The number of drug-related deaths has hit a record high in Dundee as figures rise again across the country.
Deaths in the city rose from 66 in 2018 to 72 in 2019 in what is the sixth consecutive yearly rise.
That equates to 482 deaths per million people, up from 443 in 2018.
Glasgow has the second worst at 440, followed by Inverclyde at 424.
The National Records of Scotland annual statistics show 1,264 people died from drug-related causes in the country in 2019.
The rate for Scotland is higher than those reported for all the EU countries, and is approximately 3½ times that of the UK as a whole.
David Liddell, Scottish Drugs Forum’s CEO, said: “The statistics announced today are a grievous reminder of the human cost of the ongoing public health crisis we face in Scotland.
“For each of these deaths, there is a family and a group of bereaved people coping with their loss, often after years of caring and supporting someone suffering from problem drug use.
“The cost to families and friends cannot be measured and the consequences can be serious, with the potential to have a long-term impact on their health and future lives.”
The figures show the toll across Scotland is 6% higher than 2018, and the highest since records began in 1996.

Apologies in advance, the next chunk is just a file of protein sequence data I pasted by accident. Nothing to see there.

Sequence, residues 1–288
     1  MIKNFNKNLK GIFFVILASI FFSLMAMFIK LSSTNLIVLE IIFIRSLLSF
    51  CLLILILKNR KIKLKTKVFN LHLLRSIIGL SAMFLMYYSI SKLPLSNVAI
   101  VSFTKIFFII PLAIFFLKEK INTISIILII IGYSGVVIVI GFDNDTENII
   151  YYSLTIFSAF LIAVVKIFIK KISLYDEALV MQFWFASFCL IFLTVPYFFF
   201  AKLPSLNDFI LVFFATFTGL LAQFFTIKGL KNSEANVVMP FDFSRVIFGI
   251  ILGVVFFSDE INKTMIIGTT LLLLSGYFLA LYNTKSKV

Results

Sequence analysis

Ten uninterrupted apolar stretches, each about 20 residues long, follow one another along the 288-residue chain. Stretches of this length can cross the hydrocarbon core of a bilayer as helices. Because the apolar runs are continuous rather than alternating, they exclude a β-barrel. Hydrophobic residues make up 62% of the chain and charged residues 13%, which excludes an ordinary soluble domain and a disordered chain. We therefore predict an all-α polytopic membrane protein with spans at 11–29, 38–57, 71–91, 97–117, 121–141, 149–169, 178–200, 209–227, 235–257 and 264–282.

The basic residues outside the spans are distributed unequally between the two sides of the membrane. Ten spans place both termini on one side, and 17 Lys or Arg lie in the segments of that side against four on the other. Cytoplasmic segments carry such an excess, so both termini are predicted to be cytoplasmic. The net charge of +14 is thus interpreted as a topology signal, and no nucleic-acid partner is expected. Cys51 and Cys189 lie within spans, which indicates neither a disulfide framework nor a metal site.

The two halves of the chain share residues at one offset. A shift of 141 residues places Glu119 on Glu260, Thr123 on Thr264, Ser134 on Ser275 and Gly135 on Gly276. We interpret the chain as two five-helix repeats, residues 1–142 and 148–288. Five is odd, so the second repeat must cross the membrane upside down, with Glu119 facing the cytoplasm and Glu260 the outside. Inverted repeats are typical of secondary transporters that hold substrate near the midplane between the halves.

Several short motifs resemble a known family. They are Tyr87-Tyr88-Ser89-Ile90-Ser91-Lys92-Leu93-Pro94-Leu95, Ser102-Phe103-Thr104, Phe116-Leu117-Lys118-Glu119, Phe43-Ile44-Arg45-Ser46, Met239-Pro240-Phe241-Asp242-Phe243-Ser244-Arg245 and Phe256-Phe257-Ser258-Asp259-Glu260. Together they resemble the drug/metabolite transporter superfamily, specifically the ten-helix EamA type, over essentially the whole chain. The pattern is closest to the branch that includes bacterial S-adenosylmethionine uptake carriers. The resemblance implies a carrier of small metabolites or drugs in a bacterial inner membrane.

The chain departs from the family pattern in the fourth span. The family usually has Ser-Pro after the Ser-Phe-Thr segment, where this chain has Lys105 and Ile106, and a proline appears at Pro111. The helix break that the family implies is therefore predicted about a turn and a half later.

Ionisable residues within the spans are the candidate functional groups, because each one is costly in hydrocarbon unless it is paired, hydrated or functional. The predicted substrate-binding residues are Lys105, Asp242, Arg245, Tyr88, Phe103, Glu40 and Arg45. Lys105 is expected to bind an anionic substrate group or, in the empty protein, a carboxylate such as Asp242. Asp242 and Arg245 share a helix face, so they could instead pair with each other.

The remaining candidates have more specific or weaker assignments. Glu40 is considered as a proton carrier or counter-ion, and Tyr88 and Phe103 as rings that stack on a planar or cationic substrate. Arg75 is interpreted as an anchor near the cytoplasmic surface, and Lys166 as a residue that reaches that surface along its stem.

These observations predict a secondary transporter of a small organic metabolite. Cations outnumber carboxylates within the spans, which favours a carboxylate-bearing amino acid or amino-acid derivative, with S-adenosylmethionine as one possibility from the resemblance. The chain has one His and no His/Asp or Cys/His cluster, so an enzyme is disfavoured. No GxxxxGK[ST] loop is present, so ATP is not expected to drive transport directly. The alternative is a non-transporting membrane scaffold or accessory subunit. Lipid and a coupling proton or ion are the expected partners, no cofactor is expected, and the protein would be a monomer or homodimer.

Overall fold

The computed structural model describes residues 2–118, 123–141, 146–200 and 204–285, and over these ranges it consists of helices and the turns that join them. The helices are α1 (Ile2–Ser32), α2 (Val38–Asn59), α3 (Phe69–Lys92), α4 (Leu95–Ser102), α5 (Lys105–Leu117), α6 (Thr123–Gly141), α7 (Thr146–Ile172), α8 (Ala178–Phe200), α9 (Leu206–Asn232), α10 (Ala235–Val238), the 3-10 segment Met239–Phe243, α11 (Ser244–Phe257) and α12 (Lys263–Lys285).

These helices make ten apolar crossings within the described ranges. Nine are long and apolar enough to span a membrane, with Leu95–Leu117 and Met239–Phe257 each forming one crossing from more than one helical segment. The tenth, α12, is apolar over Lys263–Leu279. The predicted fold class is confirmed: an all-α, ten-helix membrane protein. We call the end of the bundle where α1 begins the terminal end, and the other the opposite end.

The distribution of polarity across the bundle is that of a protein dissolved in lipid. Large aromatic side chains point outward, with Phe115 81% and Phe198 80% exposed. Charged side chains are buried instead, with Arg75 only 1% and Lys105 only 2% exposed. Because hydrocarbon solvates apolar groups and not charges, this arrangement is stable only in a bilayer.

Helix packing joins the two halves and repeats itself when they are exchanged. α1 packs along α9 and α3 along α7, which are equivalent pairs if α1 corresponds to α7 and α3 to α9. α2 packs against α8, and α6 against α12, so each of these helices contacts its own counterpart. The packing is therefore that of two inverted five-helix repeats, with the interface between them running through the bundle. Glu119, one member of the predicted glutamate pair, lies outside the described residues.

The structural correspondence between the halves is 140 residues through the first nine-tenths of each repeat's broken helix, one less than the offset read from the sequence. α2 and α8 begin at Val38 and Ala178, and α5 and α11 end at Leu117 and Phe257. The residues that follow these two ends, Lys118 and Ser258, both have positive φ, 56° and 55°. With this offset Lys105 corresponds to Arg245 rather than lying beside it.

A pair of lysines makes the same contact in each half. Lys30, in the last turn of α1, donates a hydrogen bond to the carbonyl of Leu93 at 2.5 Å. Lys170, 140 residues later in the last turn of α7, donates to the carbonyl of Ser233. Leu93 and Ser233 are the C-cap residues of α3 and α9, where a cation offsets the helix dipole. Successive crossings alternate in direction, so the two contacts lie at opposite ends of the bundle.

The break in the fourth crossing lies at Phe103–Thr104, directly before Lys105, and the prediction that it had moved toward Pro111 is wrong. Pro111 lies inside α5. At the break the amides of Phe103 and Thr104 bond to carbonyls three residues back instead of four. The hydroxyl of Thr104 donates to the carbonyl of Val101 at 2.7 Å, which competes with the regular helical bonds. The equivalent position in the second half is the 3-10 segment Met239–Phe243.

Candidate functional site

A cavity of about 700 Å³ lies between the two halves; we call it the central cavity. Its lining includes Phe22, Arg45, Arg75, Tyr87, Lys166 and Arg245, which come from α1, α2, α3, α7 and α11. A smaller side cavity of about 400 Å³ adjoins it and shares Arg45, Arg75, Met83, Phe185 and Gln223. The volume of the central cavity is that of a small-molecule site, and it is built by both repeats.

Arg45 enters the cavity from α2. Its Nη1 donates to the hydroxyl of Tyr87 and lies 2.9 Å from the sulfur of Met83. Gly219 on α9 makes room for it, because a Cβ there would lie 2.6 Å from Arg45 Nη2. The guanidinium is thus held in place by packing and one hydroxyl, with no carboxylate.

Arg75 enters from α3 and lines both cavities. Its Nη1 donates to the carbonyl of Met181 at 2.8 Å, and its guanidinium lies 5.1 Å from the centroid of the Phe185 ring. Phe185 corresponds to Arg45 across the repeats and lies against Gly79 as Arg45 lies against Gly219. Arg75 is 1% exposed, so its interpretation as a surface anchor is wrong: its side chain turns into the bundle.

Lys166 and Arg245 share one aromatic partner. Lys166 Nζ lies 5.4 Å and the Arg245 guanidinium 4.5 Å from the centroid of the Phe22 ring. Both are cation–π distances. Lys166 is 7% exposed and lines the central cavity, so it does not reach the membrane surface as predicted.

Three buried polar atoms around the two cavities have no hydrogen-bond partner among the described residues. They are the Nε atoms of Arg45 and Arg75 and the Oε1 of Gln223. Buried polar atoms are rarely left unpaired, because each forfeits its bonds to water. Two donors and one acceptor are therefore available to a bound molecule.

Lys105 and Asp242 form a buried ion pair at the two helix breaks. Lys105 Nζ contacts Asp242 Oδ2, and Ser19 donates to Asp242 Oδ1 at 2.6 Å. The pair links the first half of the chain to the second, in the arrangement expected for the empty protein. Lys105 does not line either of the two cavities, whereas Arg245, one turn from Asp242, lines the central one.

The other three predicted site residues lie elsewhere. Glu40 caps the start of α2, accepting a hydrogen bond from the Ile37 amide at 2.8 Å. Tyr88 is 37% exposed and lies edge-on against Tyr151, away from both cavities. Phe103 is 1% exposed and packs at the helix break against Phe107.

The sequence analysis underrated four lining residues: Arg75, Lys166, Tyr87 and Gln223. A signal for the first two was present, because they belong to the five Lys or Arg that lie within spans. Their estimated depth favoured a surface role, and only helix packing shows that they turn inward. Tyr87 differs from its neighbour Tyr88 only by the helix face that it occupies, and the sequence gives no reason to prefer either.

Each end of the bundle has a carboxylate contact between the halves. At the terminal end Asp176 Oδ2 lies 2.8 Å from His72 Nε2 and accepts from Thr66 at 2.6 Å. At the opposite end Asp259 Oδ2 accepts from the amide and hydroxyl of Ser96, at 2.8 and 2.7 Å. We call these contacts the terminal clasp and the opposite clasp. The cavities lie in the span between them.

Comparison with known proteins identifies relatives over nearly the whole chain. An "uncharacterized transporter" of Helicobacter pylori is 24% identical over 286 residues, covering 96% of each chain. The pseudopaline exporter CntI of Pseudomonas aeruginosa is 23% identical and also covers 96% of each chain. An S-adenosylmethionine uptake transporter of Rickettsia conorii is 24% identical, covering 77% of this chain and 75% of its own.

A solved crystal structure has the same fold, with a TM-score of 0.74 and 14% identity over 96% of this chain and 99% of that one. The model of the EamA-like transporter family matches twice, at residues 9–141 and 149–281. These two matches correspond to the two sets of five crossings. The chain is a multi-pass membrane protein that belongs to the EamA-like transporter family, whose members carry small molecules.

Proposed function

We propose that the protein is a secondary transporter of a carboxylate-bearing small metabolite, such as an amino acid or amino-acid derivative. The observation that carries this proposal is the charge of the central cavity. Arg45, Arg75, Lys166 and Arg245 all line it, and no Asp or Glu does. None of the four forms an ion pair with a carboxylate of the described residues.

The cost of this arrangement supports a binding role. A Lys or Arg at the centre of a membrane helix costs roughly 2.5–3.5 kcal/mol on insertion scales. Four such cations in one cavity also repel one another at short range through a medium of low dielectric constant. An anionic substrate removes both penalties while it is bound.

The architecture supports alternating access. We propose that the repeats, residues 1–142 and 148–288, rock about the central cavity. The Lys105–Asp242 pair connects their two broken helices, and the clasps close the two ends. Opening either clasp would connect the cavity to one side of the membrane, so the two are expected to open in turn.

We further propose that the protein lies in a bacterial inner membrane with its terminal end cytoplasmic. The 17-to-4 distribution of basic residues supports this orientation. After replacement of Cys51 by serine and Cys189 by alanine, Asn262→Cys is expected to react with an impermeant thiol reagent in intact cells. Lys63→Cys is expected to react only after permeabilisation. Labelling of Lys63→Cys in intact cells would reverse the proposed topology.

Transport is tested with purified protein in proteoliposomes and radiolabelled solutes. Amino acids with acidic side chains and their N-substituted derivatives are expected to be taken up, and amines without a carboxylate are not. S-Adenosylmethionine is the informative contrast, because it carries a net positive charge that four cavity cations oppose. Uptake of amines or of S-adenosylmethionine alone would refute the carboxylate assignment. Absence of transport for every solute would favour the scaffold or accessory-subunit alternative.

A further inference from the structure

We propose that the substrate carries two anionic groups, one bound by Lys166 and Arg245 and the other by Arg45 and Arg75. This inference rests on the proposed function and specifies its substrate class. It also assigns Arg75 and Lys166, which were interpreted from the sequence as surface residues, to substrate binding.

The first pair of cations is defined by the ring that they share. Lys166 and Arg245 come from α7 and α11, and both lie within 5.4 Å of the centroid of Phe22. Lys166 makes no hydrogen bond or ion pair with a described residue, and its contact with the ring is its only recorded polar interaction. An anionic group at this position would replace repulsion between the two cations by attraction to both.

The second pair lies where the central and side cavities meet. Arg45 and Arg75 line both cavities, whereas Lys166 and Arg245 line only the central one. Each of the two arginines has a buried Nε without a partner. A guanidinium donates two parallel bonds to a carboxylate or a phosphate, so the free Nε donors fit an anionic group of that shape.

Scottish Labour are calling for an immediate change of political and policy direction to “end stigma and save lives”.
Health spokesperson Monica Lennon said: “Every drug-related death is an avoidable tragedy, and the scale of the crisis in Scotland demands a radical rethink from all political leaders.
“Scotland’s drug death rate is one of the worst in the world. We can’t sweep this public health and human rights emergency under the carpet a moment longer.
“Safe consumption facilities and increased rapid access to residential rehabilitation are vital and could happen today.
“The Scottish government doesn’t need to wait.
“People who misuse drugs and their families need urgent action and telling people whose lives are in turmoil to be patient is insulting and unambitious.
“All political parties should be willing to work together to end the stigma, save lives and to help Scotland’s recovery community thrive.”